I always find it a bit difficult finding auxiliary verbs. How do they differ from the ordinary verbs?

How do you do?

Are these both do's are auxiliary? Or general? Or both?

Is there any way to find an auxiliary verb in a sentence? How do I differentiate it with a general verb in the same sentence? Any easy trick?

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    The greeting "How do you do?" is a "frozen form". Do not attempt to understand "how it works" hoping to use this information to understand contemporary English, because it simply won't work. – FumbleFingers Reinstate Monica Apr 5 '14 at 15:10

As a "trick", i'd say, use the third person singular. The auxiliary verb will change:

How do you do?
How does he do?

Also, the auxiliary verb cannot be replaced by another verb. The general one can, in order to change the meaning of the sentence:

How do you do?
How do you swim?
How do you drive?

The first do I cannot replace like that:

How do you do?
*How swim you do?
*How drive you do?

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  • I do not do anything when I'm nervous - The first do is auxiliary...isn't it? – Maulik V Apr 5 '14 at 12:38
  • @oerkelens This is great advice but what's ecan? The general on ecan... – Helix Quar Apr 5 '14 at 12:47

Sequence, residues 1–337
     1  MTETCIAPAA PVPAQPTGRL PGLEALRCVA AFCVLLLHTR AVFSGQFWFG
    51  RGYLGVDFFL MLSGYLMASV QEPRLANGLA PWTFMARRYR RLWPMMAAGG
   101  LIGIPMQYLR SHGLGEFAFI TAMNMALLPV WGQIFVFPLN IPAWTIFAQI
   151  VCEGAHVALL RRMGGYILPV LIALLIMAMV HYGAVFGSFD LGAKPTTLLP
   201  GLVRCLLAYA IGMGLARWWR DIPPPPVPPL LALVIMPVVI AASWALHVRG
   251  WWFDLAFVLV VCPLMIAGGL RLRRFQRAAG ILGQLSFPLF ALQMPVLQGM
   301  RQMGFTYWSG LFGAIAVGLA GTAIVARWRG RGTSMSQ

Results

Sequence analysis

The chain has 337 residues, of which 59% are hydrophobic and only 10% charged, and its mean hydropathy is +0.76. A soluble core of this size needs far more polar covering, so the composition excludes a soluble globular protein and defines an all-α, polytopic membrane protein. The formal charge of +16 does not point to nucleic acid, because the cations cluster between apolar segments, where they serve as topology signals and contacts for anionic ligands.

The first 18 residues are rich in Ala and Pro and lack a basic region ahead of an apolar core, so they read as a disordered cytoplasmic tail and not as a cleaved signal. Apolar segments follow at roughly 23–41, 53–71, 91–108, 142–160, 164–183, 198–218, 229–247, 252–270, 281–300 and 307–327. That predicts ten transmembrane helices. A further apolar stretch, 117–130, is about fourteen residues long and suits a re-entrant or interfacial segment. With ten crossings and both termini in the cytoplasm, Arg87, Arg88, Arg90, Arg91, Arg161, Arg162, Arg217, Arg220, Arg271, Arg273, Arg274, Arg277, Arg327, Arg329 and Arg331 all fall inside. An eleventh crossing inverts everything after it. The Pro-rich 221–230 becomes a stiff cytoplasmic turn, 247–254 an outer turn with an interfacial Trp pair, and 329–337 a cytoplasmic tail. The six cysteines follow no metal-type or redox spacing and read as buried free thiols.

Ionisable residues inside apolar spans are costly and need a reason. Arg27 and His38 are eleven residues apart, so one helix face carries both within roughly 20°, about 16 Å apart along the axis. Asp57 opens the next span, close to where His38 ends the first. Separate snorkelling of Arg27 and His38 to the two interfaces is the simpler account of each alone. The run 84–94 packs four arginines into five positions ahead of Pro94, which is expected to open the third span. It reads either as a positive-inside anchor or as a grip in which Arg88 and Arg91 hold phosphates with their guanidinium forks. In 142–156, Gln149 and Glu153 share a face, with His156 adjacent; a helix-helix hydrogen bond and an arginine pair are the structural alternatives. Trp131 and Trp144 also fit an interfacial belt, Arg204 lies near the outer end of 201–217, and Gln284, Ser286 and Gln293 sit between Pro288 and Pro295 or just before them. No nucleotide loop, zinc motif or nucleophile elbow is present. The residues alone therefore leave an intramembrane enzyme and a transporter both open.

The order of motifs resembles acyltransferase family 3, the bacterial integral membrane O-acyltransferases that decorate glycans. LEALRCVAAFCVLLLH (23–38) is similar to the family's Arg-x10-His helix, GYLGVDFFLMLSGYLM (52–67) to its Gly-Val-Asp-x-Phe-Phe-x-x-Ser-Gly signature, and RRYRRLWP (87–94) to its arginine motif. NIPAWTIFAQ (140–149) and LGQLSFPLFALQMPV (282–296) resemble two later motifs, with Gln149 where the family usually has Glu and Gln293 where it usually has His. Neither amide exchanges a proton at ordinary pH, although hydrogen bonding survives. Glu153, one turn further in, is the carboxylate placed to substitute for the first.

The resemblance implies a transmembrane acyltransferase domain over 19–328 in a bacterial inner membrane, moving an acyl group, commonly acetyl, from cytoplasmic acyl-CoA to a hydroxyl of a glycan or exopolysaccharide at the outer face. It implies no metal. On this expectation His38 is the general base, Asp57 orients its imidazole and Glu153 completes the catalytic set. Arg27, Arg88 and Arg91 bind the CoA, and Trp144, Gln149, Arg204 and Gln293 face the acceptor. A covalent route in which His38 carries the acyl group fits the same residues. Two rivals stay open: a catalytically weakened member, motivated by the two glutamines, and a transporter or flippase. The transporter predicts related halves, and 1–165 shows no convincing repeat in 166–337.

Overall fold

• @MaulikV: yups, try "I do not swim when I'm nervous" or "He does not do anything when he's nervous". – oerkelens Apr 5 '14 at 12:54
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    @Helix: If you have any experience with the military you should know that a general on ecan can be incredibly dangerous. That substance is not to be given to generals, especially not general Motors, general Failure and general Electric. Also, I have an eager-space keyboard. It works just like any other keyboard, but it tends to send out spaces just one character too soon sometimes. It's still better than the alternative, the lazy-space keyboard. Thatc anc ausee evenm orep roblems. – oerkelens Apr 5 '14 at 12:58

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